PA Chairman Mahmoud Abbas quickly dismissed Yasser Abed-Rabbo's call Wednesday for a unilateral declaration of Palestinian statehood if negotiations with Israel fail. "We don't think this idea is being seriously considered," one official said. "Everyone - Israel and the Palestinian leadership - is working toward a negotiated settlement." Chief Palestinian negotiator Ahmed Qurei said a unilateral declaration of statehood had never been discussed by the Palestinian leadership. (Jerusalem Post)
A senior Palestinian involved in the talks explained Abed-Rabbo's statements in terms of simple Palestinian politics: "[Abbas] left him outside the team that is holding talks with the Israelis. This is his response." (Ha'aretz)
Palestinians in Gaza fired two Kassam rockets that hit an Israeli building on Wednesday night. (Ynet News)
Global Commentary and Think-Tank Analysis (Best of U.S., UK, and Israel):
The recent violence and chaos on the border separating Gaza from Egypt should serve as a wake-up call about the jihadist threat emanating from the Sinai Peninsula, which has become a recruiting ground for al-Qaeda and, increasingly, an infiltration route into Israel. Israeli officials say the opening of the Gaza-Egypt border fence on Jan. 23 permitted terrorists to enter Egypt. Once in Egyptian territory, they make their way to less-defended areas of Sinai and cross into Israel to stage attacks. Israeli officials say there are as many as 20 terror cells in Sinai preparing to launch attacks on Israel.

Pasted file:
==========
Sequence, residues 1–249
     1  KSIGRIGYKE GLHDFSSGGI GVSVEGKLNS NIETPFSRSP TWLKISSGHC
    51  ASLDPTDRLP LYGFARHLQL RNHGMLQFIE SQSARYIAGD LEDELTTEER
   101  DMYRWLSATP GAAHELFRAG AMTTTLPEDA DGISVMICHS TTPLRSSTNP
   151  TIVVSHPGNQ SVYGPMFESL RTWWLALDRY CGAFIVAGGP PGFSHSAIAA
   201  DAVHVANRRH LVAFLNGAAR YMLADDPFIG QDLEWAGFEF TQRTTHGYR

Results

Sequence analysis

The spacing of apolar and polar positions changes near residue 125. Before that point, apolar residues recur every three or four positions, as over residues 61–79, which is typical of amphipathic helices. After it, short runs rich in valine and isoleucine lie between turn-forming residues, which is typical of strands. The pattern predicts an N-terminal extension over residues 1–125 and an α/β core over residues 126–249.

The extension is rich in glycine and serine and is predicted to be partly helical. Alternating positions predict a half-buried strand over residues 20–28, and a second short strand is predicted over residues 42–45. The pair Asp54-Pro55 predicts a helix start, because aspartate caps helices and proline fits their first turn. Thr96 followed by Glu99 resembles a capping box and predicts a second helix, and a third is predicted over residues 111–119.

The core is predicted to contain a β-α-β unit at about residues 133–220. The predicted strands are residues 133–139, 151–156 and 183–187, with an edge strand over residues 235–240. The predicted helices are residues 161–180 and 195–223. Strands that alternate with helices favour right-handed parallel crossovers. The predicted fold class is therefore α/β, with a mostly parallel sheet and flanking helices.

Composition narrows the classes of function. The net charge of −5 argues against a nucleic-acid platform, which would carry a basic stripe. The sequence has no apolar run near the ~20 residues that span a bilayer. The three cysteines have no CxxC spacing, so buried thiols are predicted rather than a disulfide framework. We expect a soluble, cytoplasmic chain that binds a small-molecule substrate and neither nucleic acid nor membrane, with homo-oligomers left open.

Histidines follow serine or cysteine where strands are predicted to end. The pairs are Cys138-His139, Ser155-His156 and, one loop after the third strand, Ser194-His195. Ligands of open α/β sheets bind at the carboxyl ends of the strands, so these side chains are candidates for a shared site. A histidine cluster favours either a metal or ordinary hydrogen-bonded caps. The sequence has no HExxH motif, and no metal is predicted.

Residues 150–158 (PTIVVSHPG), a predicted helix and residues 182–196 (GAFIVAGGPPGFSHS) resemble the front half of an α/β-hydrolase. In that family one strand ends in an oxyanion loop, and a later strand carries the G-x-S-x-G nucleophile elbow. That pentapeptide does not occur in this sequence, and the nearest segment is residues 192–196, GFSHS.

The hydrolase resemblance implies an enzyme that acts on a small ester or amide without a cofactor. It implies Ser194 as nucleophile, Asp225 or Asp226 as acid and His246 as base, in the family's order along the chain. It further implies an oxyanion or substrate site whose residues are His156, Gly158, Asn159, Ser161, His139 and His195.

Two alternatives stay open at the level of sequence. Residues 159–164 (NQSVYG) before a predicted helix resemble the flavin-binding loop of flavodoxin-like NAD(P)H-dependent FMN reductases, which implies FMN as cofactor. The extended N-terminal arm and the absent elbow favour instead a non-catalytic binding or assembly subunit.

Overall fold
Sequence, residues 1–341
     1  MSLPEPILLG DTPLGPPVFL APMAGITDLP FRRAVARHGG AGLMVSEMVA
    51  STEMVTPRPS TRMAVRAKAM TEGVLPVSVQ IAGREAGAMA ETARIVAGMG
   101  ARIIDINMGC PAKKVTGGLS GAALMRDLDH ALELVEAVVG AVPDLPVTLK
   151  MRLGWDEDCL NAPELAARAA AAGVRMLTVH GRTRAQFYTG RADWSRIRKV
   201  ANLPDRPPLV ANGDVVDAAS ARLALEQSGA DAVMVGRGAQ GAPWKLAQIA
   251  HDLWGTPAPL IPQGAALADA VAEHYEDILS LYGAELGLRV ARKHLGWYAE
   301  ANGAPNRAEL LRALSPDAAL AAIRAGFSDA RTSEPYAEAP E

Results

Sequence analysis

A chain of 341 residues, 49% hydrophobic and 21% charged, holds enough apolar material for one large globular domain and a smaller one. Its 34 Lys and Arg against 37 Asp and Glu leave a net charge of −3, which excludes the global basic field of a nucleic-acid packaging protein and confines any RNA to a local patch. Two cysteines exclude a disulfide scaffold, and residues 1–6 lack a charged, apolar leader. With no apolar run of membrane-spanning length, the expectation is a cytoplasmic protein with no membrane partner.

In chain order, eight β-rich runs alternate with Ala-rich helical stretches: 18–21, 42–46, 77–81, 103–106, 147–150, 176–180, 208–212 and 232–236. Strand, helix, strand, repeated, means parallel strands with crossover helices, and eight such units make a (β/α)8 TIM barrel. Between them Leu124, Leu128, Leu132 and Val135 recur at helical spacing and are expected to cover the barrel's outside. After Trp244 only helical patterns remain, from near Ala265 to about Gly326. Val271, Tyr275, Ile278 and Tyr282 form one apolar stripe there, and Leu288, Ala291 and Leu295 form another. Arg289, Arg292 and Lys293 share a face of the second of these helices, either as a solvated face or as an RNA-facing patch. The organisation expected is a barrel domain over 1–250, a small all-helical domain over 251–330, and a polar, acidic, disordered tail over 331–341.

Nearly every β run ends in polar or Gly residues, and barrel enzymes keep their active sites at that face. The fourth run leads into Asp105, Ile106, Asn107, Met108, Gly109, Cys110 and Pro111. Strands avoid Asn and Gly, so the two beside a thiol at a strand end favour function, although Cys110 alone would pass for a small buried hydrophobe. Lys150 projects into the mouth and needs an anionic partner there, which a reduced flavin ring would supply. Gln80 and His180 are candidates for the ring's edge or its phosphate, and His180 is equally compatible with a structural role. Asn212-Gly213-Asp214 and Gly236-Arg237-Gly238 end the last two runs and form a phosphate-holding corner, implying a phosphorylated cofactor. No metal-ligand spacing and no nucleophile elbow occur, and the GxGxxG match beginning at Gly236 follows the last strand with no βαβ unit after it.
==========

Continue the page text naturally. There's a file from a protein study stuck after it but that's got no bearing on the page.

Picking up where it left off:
Sinai has become the soft underbelly of terror - and a huge security problem for Egypt and Israel and for the tens of thousands of foreign tourists that visit its resorts each year. There are also 1,800 members of the Multinational Force and Observers (MFO), the Sinai-based international peacekeeping force monitoring compliance with the 1979 peace treaty signed by Egypt and Israel. (Washington Times)
On a recent sun-drenched and unseasonably warm winter afternoon in the Israeli town of Sderot, near the Gaza border, I noticed the near empty sidewalks, yards and parks. Almost no children were outside at play because of daily Kassam rockets fired from Palestinian-controlled and Hamas-governed Gaza. This wasn't the scenario envisioned by the Land for Peace movement. Most believed that the rocket attacks would cease once the 9,000 Jewish settlers abandoned their homes and Israel withdrew from Gaza in August 2005.
Almost 4,000 rockets later, that hope has evaporated. It is estimated that close to 5,000 people in Sderot have already given up and moved to other parts of Israel. The plight of Sderot has many others in Israel and around the world questioning the wisdom of returning additional territory if the Palestinians will not even recognize Israel's basic right to exist. (Atlanta Journal-Constitution)
The U.S. distributes funds to the Palestinians through the Agency for International Development (USAID). Until now, the U.S. funded only selected projects, which were expected to be vetted and certified by USAID to ensure recipients used the funds only for their allocated purposes, and did not "commit, threaten or support terrorism." Yet in at least 74 cases, according to a December 2007 audit, the USAID mission for the West Bank and Gaza "failed to comply" with the anti-terrorism requirements of Executive Order 13224, and failed to vet subcontractors and require anti-terrorism certification for all contractors and subcontractors who received money. Dr. Rachel Ehrenfeld is director and Alyssa A. Lappen is Senior Fellow at the American Center for Democracy. (Pajamas Media)
Islam at the Ballot Box - Amir Taheri (Wall Street Journal)